Thursday, July 28, 2005

Whoa, Big Fella!

There are few people in the design community more respected than Donald Norman, author of the classic The Design of Everyday Things and Emotional Design: Why We Love (Or Hate) Everyday Things. Norman has long been a source of wisdom, common sense and balance. When the man talks, we UXCentrists listen!

That's probably why his recent essay, Human-Centered Design Considered Harmful, is raising something of a ruckus. Here's the first paragraph:
Human-Centered Design has become such a dominant theme in design that it is now accepted by interface and application designers automatically, without thought, let alone criticism. That's a dangerous state when things are treated as accepted wisdom. The purpose of this essay is to provoke thought, discussion, and reconsideration of some of the fundamental principles of Human-Centered Design. These principles, I suggest, can be helpful, misleading, or wrong. At times, they might even be harmful. Activity-Centered Design is superior.
Like Norman, I get very nervous when I run across those who swear by one particular methodology or ideology over all others. We live in a delightfully complex world that routinely demonstrates the foolishness of such approaches. This is particularly true when designing user experiences, digital or otherwise. The vast territory that UX designers must address makes "I don't know" one of the wisest responses we can make! As I've written before, one of my favorite aspects about UX is that it requires a large dose of humility. The fact that we don't have the answers is often the answer!

In this essay, Norman makes some excellent points. He's absolutely right that we cannot and should not rely solely upon human-centered design methods. (That's why my model for information architecture/UX design includes a hearty serving of activity, task and process analysis.) He also does a fine job advocating for the inclusion of what he calls "activity-centered design." And, rabble-rouser that I am, I appreciate his intention of stirring up discussion.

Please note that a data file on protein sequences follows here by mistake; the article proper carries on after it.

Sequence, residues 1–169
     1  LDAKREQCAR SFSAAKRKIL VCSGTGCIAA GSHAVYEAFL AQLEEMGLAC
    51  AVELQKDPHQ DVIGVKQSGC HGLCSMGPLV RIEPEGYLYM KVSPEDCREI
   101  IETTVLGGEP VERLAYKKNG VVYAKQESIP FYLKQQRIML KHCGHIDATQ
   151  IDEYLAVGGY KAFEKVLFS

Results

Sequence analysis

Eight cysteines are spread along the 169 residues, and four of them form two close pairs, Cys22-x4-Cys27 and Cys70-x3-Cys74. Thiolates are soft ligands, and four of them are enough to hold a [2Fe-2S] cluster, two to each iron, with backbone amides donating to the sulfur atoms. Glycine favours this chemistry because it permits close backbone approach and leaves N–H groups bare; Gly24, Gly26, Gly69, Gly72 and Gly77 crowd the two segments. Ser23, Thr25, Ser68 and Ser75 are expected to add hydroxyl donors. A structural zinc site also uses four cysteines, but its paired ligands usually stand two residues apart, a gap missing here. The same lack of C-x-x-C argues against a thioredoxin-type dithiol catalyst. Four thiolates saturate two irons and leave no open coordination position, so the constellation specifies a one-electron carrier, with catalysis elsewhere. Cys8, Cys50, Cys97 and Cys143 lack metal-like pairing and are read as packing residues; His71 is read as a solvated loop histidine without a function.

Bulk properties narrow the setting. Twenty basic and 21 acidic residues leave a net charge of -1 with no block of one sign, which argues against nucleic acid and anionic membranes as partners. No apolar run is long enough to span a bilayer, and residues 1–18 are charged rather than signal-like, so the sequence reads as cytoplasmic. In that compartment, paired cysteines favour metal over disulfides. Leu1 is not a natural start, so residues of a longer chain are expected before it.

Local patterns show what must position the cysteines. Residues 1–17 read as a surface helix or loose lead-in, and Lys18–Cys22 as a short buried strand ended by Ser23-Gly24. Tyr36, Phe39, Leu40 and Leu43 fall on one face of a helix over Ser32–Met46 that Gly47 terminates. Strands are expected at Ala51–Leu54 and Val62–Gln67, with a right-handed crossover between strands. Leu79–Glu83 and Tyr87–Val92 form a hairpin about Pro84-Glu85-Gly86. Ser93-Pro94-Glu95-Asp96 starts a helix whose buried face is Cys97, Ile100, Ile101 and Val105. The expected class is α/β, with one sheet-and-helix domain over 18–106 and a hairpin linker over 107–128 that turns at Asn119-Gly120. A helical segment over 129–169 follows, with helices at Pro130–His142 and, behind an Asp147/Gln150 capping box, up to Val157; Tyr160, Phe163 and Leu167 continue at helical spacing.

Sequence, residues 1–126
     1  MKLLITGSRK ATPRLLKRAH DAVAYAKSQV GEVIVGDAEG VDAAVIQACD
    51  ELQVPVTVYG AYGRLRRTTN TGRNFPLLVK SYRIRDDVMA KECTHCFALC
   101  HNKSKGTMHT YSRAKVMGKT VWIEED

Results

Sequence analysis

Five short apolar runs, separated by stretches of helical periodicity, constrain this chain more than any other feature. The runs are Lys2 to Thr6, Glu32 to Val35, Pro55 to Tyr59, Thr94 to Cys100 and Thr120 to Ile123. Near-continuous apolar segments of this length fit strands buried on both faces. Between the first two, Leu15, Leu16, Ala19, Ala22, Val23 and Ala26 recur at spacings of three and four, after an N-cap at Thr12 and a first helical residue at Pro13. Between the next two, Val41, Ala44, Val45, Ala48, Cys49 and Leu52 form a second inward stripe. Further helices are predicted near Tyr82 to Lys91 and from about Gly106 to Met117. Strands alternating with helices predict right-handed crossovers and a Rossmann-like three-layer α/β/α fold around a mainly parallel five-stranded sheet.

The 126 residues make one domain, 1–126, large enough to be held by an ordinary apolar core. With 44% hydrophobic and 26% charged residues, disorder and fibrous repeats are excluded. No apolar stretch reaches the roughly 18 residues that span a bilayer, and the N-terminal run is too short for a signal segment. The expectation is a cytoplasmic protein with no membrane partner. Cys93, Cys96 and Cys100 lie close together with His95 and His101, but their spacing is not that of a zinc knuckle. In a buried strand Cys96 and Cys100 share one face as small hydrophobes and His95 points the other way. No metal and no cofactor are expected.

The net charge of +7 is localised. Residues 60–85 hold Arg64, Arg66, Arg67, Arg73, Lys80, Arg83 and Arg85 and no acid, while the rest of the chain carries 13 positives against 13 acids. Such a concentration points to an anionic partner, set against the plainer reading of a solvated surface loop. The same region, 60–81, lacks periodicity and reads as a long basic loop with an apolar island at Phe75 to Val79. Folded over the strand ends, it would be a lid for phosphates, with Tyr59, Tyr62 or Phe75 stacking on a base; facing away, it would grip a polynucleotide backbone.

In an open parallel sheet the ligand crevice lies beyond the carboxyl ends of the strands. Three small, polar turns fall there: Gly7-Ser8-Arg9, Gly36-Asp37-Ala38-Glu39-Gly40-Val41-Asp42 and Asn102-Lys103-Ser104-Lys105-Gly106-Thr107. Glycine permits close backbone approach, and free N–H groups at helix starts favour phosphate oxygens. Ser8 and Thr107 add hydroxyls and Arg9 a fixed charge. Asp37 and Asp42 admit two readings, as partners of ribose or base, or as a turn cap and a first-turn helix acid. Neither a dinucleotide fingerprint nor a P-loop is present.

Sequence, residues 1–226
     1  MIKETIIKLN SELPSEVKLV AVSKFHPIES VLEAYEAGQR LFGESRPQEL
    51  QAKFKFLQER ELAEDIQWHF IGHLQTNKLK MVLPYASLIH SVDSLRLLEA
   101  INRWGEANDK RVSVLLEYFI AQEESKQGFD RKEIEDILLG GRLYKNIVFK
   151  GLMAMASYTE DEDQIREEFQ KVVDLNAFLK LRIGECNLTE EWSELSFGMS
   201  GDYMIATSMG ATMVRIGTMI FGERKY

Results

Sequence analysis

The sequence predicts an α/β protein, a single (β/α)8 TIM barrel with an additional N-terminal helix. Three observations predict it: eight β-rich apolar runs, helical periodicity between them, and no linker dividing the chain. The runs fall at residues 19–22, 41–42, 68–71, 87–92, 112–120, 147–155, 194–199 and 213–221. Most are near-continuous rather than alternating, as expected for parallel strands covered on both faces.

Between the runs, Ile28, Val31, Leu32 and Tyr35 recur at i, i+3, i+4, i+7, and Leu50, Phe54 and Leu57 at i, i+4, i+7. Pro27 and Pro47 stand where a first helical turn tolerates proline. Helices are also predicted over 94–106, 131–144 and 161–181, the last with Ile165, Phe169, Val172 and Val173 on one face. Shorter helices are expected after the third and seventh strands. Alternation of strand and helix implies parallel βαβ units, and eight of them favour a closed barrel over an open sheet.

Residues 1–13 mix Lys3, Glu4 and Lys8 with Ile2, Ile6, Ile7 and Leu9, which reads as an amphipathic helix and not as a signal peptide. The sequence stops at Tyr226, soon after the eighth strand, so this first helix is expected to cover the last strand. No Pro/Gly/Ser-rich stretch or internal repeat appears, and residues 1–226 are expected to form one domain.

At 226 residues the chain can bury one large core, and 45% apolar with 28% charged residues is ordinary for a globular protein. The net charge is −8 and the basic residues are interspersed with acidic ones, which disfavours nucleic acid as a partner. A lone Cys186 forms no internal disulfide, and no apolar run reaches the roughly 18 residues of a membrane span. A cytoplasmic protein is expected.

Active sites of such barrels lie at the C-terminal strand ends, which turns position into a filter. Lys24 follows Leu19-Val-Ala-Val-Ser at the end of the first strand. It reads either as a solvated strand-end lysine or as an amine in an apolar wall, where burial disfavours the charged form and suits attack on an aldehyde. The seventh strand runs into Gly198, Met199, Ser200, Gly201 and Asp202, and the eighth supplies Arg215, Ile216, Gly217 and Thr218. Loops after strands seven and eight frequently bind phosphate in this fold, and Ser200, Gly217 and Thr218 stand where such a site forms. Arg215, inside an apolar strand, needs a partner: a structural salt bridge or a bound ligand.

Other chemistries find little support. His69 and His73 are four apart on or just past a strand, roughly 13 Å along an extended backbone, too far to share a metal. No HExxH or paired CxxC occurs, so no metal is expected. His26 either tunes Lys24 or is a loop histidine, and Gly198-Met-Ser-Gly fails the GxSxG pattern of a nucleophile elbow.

However, Norman does not support his claim of superiority for activity-centered design with evidence beyond the anecdotal. Similarly, he fails to demonstrate that human-centered design itself can be misleading, wrong or harmful. Indeed, by the end of the essay, he seems to backpedal away from that assertion, peppering his sentences with mays, mights and maybes—and even proposing a marriage of sorts between HCD and ACD. In conclusion—despite his intentions—this makes Norman's essay seem more jeremiad than reasoned call for debate.

Update, July 30: Peter Merholz and Andrew Otwell weigh in on Norman's essay.


Anonymous Ravit Lichtenberg said...

Thank you, Dave, for a great critique of Don Norman’s essay. As we’ve all seen in our years in the field, HCD, when misused or misapplied, can indeed result in costly mistakes. However, I too argue that Norman fails to support his assertion that ACD is superior to HCD.

First, Norman emphasizes throughout his thesis the difference in HCD’s and ACD’s approach tools and activities as drivers of human adaptation to technology. Human-Centered-Design is about experiences. Tools and activities are just two ways to help us think about experience- they do not stand independently of the experience.

With HCD’s emphasis on the Human Experience, it is not possible for products and services to “no longer be appropriate,” or too complex if we “pay too much attention to the needs if the users,” as Norman suggest. This is the very essence and promise of the Human Experience field in years to come. What separates an excellent Human Experience professional from the rest is his or her ability to create experiences that can dynamically and seamlessly grow and evolve with its users. Activities and tools will change, and so will technology- but the need we share, as humans, for experiencing, remains constant.


6:04 PM  

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